Now’s the perfect time to mention an AfterElton piece in which Brian Juergens explores the difference between American athletic images and those found in Europe, where calendars like Dieux du Stade have changed the way sportsmen present themselves. Of the difference, photographer Ewoud Broeksma says:
They are not seen as homoerotic, but first of all as art. This is true. I’m not saying this to put the context right in my view, but it is what I hear. They don’t think in terms of gay or straight, probably â€” they’re just boys acting like they are in control of the world.
Broeksma’s statements recall Mark Simpson‘s New York Times endorsed, Out Magazine published essay on “Sporno” in which he writes:
Being equal opportunity flirts, todayâ€™s sporno stars want to turn everyone on. Partly because sportsmen, like porn stars, are by definition show-offs, but more particularly because it means more money, more power, more endorsements, more kudos.
The essay goes on to wonder why a similar wave hasn’t crashed Stateside. The answer, we think, can be found in our old friend Frank Griggs‘ statement:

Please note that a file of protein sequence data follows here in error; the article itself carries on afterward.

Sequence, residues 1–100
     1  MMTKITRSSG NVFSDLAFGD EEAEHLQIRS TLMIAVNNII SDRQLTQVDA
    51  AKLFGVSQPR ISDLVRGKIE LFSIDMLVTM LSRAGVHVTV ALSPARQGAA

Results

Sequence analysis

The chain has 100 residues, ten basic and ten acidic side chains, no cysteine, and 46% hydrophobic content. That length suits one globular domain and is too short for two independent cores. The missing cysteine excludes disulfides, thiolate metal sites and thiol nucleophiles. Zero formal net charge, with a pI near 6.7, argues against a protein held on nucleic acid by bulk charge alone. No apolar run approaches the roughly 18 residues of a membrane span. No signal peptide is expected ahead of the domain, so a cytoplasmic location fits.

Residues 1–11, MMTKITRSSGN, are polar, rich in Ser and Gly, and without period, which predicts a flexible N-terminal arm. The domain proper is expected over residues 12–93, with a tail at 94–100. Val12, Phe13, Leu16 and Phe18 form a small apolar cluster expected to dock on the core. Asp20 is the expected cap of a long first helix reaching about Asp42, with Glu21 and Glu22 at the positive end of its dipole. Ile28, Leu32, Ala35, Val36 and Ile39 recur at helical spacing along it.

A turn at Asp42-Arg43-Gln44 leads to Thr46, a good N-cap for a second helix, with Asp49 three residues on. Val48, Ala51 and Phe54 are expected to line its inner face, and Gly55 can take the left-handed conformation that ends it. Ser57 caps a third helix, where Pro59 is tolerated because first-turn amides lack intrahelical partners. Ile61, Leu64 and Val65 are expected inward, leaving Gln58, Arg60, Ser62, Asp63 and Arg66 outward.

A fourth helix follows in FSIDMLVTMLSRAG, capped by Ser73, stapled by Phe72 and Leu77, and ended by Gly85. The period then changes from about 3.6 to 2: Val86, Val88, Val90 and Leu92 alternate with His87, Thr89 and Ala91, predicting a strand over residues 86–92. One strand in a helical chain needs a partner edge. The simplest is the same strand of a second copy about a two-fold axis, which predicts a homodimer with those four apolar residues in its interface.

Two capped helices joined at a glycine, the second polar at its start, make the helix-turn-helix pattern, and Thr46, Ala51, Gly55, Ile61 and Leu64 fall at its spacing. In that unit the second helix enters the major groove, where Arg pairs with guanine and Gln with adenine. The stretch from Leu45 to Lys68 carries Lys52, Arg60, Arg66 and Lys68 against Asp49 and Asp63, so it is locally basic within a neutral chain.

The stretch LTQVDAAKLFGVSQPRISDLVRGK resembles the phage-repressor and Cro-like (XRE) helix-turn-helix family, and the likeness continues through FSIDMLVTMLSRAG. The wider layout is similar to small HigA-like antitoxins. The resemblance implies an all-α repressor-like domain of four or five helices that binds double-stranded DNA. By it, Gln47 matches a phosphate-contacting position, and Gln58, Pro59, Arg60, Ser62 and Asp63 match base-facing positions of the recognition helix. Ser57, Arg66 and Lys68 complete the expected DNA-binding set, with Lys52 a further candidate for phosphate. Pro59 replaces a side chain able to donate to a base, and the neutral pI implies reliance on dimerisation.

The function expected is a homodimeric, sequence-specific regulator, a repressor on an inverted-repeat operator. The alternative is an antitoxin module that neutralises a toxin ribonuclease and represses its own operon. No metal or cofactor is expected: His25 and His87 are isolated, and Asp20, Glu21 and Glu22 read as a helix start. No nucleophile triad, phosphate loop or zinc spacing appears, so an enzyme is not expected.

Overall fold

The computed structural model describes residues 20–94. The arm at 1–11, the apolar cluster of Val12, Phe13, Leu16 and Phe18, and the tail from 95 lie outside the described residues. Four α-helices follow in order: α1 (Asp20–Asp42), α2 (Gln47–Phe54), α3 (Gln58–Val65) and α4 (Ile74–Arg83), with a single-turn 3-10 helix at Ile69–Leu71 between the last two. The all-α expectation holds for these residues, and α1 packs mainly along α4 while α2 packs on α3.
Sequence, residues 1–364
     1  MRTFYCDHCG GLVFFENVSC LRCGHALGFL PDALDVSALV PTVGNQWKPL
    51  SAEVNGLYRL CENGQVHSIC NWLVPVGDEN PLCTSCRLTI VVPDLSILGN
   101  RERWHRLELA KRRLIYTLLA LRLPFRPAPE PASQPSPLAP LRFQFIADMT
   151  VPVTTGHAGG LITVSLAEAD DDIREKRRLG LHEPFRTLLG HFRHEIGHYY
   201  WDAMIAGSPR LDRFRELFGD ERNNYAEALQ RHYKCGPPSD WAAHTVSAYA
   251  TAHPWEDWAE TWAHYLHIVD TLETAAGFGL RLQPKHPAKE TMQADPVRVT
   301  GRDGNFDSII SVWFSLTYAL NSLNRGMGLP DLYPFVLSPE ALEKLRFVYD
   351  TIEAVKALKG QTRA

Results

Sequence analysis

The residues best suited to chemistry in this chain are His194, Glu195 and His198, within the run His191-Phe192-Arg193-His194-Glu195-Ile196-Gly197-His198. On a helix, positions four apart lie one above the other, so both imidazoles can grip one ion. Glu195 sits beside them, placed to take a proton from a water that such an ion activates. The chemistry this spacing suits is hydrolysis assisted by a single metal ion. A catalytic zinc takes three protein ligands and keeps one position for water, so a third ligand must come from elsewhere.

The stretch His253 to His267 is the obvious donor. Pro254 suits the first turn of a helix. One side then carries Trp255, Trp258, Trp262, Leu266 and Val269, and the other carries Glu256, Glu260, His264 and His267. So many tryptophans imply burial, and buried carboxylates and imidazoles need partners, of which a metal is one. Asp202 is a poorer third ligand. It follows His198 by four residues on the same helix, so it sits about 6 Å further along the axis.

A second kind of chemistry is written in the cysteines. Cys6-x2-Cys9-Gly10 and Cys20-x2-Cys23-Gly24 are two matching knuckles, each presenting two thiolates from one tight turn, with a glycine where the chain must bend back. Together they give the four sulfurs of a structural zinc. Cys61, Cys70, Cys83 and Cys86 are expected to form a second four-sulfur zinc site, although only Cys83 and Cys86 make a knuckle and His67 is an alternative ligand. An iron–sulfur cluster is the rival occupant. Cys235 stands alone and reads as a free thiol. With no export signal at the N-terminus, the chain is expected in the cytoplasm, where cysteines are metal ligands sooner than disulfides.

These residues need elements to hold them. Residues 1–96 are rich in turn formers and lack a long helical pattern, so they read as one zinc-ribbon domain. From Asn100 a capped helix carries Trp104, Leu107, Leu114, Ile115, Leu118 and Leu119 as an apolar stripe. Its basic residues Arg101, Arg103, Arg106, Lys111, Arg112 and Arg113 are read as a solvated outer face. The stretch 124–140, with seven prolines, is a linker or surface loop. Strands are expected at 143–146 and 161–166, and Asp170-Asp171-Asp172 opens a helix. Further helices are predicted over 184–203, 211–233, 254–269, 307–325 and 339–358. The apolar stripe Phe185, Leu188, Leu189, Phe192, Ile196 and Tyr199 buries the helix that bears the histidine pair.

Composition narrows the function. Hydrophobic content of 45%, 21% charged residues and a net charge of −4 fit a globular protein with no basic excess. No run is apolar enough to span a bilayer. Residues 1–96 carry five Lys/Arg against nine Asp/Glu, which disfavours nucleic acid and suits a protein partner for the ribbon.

I doubt they see it as homoerotic at all. We Americans are just fetishizing cultural difference. Most would say that gay men are responsible for the sudden naked footballer craze, and I think they are, but not in the way you might expect. Homos are definitely styling the best of these shoots, but the end product is being enjoyed by plenty of women along with the frequently acknowledged gay following.
If that damn Snickers commercials any indication, it doesn’t seem as if American sportsmen will be allowing themselves to be fetishized by the fagalas anytime soon. And even if they do allow themselves to be marketed to the gay demographic, they probably won’t let them oil ‘em up. Shame…